Founded in 1909 by a gift from J. Pierpont Morgan, the Yale Babylonian Collection today comprises over 45,000 items, including cuneiform tablets, cylinder seals, and other artifacts, as well as a complete reference library, seminar room, work space for visiting scholars, casts of major monuments, and conservation facilities. It is the largest collection of material from ancient Mesopotamia in North America, and ranks among the leading collections in the world. Although it is an independent branch of the University, its curators have always been professors in the Department of Near Eastern Languages and Civilizations, and students actively use its resources in their training and doctoral research.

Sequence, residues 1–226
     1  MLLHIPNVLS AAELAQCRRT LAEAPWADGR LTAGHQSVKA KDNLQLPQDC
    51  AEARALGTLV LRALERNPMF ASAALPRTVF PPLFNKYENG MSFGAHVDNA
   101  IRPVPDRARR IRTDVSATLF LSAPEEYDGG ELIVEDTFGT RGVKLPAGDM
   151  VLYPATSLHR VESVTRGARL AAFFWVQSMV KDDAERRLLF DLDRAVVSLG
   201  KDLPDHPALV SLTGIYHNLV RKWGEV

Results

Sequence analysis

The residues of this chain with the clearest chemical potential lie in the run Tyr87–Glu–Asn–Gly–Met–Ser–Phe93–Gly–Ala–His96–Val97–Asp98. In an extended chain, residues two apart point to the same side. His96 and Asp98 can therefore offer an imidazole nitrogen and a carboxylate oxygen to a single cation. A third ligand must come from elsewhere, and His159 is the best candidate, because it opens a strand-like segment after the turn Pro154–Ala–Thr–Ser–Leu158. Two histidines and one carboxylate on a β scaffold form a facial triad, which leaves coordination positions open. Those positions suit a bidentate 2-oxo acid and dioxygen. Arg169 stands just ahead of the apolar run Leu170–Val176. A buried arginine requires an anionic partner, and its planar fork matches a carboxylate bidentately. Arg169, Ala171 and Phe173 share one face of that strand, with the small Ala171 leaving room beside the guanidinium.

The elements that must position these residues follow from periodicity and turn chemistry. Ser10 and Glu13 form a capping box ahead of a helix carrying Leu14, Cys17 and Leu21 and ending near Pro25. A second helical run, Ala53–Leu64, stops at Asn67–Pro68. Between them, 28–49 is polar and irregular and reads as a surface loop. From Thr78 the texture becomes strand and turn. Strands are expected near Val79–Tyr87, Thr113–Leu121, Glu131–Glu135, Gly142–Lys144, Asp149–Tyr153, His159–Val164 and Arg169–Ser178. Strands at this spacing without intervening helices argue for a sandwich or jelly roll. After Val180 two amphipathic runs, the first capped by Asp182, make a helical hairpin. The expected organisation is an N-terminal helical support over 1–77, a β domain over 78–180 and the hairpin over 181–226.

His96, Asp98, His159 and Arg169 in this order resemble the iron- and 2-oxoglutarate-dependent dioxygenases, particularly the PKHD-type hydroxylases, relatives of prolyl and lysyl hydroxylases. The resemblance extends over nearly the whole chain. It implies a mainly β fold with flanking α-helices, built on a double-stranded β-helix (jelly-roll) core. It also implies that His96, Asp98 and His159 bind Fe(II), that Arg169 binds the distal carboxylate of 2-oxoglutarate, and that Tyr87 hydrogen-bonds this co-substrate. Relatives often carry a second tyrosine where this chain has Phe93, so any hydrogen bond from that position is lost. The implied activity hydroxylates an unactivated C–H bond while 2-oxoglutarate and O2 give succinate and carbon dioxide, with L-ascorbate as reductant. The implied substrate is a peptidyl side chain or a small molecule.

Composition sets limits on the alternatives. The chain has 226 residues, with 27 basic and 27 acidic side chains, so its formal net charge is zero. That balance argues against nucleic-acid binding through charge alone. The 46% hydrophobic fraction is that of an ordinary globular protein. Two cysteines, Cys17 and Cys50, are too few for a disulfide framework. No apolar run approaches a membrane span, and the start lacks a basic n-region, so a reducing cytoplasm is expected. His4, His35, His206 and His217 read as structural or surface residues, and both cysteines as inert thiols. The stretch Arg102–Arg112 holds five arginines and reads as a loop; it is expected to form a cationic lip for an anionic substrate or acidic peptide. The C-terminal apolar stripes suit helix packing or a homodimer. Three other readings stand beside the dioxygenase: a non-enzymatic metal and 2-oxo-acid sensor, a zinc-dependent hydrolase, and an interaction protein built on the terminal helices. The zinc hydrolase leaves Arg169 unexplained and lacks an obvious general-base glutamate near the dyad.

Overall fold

Top row, left to right: Old Assyrian letter (NBC 1907); window in Collection office; Kassite kudurru (NBC 9502). Bottom row, left to right: Old Akkadian delivery of goats (NBC 6861); Babylonian duck weight (YBC 2262); Old Babylonian mask (YBC 2238).